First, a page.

The 15th Literary Festival is over; preps for next one start

Billy Collins closed out the 2016 Literary Festival on April 6. Photo by Brandon Key.

On April 6, the Coulter recital hall filled up with people to listen to a poetry reading from one of the most famous contemporary poets: Billy Collins. After 13 artists visited WCU, the 15th Literary Festival ended.

This year’s Literary Festival started on April 3 and featured short story writers, novelists, poets and for the first time, a photographer.

Monday’s presenters were poet Pat Riviere-Seel, nonfiction writer Stephen Clingman and nonfiction writer Elena Passarello.

Seel appeared as part of the Gilbert-Chappell Distinguished Poets Series with some of her students. Seel was asked why she writes poetry and she described it as an essential part of being human.

“It will save your life. Poetry is a connection we can’t have through prose,” said Seel. “It connects you to your sorrows, dreams, wants and desires.”

Clingman was born and raised in South Africa and is a former teacher of WCU English professor Laura Wright. Clingman read work that focused on identity, and then spoke about his life in South Africa as a white man.

“Growing up in South Africa white, African and Jewish was challenging. I went to a double-segregated school and was drafted in the army,” explained Clingman. His experiences in Africa would heavily influence his work as a nonfiction writer interested in identity.

Elena Passarello is a creative writing professor at Oregon State University. She read from her essay collection, “Animals Strike Curious Poses.” Photo by Brandon Key.

Passarello presented in the evening and read from her essay collection “Animals Strike Curious Poses,” which focuses on specific types of animals across almost four millennia.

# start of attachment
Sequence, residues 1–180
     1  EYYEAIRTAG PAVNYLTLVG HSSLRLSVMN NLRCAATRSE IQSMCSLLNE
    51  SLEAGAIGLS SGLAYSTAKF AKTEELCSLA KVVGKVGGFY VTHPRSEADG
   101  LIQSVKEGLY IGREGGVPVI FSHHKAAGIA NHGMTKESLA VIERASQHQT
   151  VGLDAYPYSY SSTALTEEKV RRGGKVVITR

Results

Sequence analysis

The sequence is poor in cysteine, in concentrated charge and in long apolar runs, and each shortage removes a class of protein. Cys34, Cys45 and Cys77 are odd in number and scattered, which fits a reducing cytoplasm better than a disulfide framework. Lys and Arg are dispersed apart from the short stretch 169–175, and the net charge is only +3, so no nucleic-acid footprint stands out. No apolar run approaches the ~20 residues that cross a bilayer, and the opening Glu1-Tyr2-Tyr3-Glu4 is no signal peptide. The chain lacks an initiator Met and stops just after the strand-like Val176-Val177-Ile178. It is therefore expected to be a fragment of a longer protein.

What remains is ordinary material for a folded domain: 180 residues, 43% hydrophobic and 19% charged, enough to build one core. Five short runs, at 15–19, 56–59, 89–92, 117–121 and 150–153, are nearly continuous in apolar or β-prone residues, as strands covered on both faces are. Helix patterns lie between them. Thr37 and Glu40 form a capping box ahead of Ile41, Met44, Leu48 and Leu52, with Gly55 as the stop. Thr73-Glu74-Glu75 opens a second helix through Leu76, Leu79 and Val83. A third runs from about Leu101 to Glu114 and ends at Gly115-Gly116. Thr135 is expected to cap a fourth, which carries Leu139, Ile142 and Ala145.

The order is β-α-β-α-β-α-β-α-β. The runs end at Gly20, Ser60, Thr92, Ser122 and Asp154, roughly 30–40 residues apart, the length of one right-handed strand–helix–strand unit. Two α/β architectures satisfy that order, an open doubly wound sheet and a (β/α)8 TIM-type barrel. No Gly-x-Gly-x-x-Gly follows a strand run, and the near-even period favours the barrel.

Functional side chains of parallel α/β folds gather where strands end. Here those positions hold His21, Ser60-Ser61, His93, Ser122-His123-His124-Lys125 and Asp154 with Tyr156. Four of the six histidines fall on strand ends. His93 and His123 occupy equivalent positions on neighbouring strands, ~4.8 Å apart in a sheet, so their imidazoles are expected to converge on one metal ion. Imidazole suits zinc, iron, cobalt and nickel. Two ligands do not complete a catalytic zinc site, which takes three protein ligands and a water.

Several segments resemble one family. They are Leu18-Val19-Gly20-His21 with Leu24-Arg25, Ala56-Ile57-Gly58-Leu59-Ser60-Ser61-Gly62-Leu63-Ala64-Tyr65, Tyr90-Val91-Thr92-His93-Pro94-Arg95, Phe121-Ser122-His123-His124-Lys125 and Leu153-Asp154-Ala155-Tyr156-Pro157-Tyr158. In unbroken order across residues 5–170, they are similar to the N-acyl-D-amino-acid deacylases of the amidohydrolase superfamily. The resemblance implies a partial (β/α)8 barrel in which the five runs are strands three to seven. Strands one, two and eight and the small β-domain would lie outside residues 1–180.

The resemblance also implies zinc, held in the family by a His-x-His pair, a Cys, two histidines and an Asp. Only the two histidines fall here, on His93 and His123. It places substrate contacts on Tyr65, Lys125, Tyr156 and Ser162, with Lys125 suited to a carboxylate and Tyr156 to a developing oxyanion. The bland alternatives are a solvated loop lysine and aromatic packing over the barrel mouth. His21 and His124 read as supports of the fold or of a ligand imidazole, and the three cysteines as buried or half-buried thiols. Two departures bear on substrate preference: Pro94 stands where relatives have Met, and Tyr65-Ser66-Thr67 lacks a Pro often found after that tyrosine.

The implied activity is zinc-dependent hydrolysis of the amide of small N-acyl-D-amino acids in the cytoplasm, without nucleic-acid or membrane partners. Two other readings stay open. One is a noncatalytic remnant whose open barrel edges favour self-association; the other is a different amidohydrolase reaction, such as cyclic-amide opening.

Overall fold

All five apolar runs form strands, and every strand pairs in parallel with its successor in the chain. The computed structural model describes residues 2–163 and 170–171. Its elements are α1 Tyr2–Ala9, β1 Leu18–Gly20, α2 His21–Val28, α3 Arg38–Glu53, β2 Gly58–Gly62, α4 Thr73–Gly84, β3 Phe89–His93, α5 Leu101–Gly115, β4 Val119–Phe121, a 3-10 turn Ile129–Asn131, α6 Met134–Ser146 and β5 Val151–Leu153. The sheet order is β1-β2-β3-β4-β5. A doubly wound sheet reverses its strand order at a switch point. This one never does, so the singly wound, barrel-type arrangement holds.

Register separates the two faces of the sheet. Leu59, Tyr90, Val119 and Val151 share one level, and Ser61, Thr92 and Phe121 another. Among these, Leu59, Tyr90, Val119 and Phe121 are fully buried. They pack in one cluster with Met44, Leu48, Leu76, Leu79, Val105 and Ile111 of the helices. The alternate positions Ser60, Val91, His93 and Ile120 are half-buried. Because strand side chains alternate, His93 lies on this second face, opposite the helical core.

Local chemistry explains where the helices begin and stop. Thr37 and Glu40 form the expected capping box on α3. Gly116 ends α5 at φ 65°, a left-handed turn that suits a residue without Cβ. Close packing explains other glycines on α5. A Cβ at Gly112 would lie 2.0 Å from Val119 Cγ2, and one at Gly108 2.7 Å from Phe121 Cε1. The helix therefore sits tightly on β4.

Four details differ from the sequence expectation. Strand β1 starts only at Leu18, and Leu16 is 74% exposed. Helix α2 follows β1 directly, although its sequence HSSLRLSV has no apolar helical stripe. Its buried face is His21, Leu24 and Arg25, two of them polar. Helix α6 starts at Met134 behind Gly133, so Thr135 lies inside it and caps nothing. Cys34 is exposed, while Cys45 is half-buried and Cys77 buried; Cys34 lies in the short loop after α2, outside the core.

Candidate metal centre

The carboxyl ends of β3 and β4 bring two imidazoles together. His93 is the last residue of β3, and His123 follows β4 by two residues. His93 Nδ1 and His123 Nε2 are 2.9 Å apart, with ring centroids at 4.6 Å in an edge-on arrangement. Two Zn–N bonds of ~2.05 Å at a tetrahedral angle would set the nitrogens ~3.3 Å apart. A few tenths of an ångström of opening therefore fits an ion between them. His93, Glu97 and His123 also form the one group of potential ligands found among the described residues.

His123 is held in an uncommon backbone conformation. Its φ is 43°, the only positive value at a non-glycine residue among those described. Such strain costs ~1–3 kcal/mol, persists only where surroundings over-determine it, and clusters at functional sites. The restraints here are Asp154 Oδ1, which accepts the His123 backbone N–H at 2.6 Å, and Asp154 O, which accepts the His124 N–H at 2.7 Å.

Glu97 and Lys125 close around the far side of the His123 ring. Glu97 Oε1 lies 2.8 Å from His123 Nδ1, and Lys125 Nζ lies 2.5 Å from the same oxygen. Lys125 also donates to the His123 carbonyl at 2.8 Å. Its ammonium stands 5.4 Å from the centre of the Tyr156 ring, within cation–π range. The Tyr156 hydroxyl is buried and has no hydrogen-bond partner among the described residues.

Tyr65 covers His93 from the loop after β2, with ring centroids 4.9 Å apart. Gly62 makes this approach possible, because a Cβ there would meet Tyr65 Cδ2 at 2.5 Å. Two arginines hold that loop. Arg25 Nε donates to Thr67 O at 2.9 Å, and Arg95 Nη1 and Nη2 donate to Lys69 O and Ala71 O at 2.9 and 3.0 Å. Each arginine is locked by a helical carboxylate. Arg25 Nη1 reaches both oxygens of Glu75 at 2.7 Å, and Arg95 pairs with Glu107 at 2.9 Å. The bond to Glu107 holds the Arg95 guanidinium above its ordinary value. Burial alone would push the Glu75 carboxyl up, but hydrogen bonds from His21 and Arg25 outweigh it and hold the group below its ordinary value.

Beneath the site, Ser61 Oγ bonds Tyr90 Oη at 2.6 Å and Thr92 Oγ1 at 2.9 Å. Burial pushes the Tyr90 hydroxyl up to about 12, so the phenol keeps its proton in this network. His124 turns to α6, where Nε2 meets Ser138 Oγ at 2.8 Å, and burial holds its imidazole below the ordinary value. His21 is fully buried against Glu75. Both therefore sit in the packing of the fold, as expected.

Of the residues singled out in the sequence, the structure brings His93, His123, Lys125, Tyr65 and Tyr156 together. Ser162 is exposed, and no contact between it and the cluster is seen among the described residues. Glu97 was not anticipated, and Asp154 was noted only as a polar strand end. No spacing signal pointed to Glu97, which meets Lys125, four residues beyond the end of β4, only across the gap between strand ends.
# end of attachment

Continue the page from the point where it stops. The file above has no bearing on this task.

Tuesday saw a day focused on unconventional poetry and fiction stories. WCU’s Paul Worley and students from his Beats Generation class read poetry that talked about Russia, plastic lovers and random combinations of topics, like “The Canterbury Tales” with Wonderland from “Alice in Wonderland.” Worley’s class also put together their own book of poems called “Alternative Facts” that was for sale during the festival with help from City Lights Bookstore.

Fiction writers Robert Gipe and Carrie Mullins presented in the afternoon. Following them was photographer Roger May, whose current photography project revolves around the affects coal has on the environment and families in West Virginia and Kentucky. Short story writer and novelist Michael Knight presented in the evening.

Day three of the festival saw fiction writer Jamie Quatro and nonfiction writer Stephanie Elizondo Griest. Quatro read a story about the human decomposition. Griest’s writing often deals with women in other countries and has written a memoir about her life living in different places in the world.

The final day of the festival was dedicated to poetry. Poets Sue Weaver-Dunlap and Ray McManus started the day and Billy Collins wrapped up the festival. The Collins reading was held in the Coulter recital hall with a full auditorium. Collins read from his older works and his newer works.

When asked why he writes poetry, Collins said, “poetry is the history of the human heart and a lot of poems come from other poems. I dig for more history of humanity and I find more poems.”

Many of the writers at the festival gave their advice on writing and what they’ve learned from writing. Below is a link to photo slideshow from some of the presenters and what they had to say.

While Collins wrapped up this year’s Literary Festival, next year’s festival is already in the works. Pamela Duncan, associate professor of English and Literary Festival director, has already started working on future Literary Festival.

“Next year, we’re partnering with the Bardo Arts Center to bring Tony Kushner to campus,” said Duncan. Kushner is an Academy Award-nominated screenwriter and a Tony Award-winning playwright. He was nominated for Best Adapted Screenplay in 2013 for the film “Lincoln.” He also received a National Medal of Arts from President Barack Obama in 2013.

Duncan is also interested in possibly bringing a comic book or graphic novel writer to the festival in the future.